Aristophanes and rap: “Punishment By Radish,” from Emily Wilson (@EmilyRCWilson), the translator of a wonderful edition of The Odyssey.

* Aristophanes

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As we LOL, we might we might send dramatic birthday greetings to Nathan Field; he was born on this date in 1587. A contemporary and colleague of Shakespeare, Field was– like the Bard– both a dramatist and an actor.

As an author, Field wrote alone (e.g., the comedy A Woman Is a Weathercock), and in collaboration with John Fletcher and Philip Massinger (e.g., the tragicomedy The Knight of Malta). As an actor he ended his career in the Kings Men, working alongside Shakespeare, where he appeared in Shakespeare’s plays and in Ben Jonson‘s Volpone and The Alchemist, among other productions.

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“The more prohibitions you have, the less virtuous people will be”*…

From the annals of temperance, a particularly tasty (albeit tasteless) tidbit…

Near the end of the 19th century, New Yorkers out for a drink partook in one of the more unusual rituals in the annals of hospitality. When they ordered an ale or whisky, the waiter or bartender would bring it out with a sandwich. Generally speaking, the sandwich was not edible. It was “an old desiccated ruin of dust-laden bread and mummified ham or cheese,” wrote the playwright Eugene O’Neill. Other times it was made of rubber. Bar staff would commonly take the sandwich back seconds after it had arrived, pair it with the next beverage order, and whisk it over to another patron’s table. Some sandwiches were kept in circulation for a week or more.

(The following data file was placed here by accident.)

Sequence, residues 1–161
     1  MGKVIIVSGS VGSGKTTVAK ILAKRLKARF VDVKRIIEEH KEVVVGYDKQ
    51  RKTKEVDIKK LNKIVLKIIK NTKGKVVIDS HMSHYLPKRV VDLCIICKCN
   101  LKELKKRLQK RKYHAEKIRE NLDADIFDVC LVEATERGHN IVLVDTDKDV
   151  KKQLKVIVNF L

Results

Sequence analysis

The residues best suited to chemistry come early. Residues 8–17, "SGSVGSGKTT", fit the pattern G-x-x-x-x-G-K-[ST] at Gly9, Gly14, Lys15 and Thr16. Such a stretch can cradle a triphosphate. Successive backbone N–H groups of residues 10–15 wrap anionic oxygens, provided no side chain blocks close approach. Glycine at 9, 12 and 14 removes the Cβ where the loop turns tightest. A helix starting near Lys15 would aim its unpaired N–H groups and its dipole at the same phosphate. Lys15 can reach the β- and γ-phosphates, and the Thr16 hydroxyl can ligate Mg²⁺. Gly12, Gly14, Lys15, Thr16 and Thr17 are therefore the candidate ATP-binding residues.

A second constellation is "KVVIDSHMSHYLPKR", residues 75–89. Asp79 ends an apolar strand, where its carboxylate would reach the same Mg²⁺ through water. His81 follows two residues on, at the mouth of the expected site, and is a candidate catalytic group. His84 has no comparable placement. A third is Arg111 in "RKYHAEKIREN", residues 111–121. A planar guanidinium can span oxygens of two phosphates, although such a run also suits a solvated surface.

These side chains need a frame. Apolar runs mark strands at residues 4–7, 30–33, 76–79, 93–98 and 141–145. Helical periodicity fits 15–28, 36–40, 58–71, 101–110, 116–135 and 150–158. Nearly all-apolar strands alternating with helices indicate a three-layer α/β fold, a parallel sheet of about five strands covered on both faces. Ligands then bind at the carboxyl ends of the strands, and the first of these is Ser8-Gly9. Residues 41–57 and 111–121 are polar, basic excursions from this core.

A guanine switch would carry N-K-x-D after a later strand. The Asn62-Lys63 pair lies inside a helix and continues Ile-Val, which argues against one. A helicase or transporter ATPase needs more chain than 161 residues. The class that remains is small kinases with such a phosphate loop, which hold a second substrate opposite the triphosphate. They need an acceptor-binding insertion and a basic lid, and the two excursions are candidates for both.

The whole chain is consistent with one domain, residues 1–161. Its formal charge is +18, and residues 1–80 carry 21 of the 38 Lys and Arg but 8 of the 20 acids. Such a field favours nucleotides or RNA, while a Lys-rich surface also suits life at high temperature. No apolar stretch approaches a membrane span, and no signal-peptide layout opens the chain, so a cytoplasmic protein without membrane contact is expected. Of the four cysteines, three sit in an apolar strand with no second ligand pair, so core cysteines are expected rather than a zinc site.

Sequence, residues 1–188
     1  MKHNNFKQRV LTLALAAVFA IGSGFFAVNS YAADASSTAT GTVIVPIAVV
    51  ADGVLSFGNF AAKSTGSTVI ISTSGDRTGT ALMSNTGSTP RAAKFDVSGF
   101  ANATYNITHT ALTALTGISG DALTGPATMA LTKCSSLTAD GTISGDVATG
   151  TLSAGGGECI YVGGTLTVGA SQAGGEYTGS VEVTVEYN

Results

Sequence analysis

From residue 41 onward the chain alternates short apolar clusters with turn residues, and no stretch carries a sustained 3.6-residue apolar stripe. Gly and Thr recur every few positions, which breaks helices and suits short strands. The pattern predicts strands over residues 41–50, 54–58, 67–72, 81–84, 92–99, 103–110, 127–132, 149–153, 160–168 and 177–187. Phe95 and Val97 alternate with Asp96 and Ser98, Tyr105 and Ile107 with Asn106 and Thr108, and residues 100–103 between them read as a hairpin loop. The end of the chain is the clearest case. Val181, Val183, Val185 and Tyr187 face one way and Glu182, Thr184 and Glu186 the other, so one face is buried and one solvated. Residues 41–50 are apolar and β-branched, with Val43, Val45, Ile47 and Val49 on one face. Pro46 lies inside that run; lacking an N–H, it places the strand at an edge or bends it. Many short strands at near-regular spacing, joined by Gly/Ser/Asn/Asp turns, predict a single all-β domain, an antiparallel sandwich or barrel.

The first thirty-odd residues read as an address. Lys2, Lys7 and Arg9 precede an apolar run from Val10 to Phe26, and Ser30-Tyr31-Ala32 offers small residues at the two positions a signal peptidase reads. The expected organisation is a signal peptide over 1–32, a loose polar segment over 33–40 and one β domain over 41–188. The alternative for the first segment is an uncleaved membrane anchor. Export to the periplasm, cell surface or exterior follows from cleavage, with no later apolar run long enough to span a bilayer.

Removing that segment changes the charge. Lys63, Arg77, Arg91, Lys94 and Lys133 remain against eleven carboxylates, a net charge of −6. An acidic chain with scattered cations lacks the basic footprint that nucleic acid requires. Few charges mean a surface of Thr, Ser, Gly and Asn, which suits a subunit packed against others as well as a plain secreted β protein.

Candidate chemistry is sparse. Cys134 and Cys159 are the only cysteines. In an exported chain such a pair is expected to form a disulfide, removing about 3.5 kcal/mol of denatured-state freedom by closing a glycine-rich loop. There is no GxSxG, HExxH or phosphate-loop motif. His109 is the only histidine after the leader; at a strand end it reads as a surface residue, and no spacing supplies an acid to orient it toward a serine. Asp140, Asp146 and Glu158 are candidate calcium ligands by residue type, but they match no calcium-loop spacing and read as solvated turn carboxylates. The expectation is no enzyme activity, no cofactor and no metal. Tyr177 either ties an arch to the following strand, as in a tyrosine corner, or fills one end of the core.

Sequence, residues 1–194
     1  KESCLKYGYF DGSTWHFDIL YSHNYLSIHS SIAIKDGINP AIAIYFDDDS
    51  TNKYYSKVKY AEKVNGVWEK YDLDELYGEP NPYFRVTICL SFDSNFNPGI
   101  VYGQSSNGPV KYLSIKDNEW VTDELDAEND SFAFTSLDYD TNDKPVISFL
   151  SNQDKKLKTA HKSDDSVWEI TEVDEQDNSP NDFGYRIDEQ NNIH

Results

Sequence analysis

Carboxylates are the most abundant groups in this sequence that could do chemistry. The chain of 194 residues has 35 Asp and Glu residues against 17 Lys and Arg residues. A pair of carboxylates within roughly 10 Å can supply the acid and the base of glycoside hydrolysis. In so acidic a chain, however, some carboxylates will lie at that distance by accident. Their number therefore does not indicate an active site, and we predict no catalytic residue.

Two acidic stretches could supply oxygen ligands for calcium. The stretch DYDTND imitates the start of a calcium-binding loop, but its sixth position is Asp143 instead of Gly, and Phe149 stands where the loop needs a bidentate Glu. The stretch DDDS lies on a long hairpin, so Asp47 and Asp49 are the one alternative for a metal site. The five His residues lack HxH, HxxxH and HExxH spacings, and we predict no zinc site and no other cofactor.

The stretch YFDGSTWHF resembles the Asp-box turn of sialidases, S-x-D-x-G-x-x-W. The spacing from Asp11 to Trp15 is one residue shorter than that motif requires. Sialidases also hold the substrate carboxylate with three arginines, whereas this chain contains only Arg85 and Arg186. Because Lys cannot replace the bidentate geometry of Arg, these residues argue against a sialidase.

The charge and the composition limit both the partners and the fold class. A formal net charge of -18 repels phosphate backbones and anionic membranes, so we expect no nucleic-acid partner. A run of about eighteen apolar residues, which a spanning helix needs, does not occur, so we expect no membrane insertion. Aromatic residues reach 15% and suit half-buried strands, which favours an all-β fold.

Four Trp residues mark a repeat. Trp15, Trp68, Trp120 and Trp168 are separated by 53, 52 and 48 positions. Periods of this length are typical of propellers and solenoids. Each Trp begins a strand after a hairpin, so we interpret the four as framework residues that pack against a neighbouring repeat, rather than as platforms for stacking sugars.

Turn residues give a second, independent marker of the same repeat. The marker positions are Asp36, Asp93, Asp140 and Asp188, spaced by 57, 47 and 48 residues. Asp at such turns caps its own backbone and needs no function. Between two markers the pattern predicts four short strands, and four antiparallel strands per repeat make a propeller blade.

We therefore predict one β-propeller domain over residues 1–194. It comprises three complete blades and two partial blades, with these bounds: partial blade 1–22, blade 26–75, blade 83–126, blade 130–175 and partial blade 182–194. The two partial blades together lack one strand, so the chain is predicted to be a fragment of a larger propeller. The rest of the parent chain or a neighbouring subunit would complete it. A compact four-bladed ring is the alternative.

Bar owners insisted on this bizarre charade to avoid breaking the law—specifically, the excise law of 1896, which restricted how and when drinks could be served in New York State. The so-called Raines Law was a combination of good intentions, unstated prejudices, and unforeseen consequences, among them the comically unsavory Raines sandwich.

The new law did not come out of nowhere. Republican reformers, many of them based far upstate in Albany, had been trying for years to curb public drunkenness. They were also frustrated about New York City’s lax enforcement of so-called Sabbath laws, which included a ban on Sunday boozing. New York Republicans spoke for a constituency largely comprised of rural and small-town churchgoers. But the party had also gained a foothold in Democratic New York City, where a 37-year-old firebrand named Theodore Roosevelt had been pushing a law-and-order agenda as president of the city’s newly organized police commission. Roosevelt, a supporter of the Raines Law, predicted that it would “solve whatever remained of the problem of Sunday closing.”

New York City at the time was home to some 8,000 saloons. The seediest among them were “dimly lit, foul-smelling, rickety-chaired, stale-beer dives” that catered to “vagrants, shipless sailors, incompetent thieves, [and] aging streetwalkers,” Richard Zacks writes in Island of Vice, his book-length account of Roosevelt’s reform campaign.

The 1896 Raines Law was designed to put dreary watering holes like these out of business. It raised the cost of an annual liquor license to $800, three times what it had cost before and a tenfold increase for beer-only taverns. It stipulated that saloons could not open within 200 feet of a school or church, and raised the drinking age from 16 to 18. In addition, it banned one of the late 19th-century saloon’s most potent enticements: the free lunch. At McSorley’s, for example, cheese, soda bread, and raw onions were on the house. (The 160-year-old bar still sells a tongue-in-cheek version of this today.) Most controversial of all was the law’s renewed assault on Sunday drinking. Its author, Finger Lakes region senator John W. Raines, eliminated the “golden hour” grace period that followed the stroke of midnight on Saturday. His law also forced saloon owners to keep their curtains open on Sunday, making it considerably harder for patrolmen to turn a blind eye…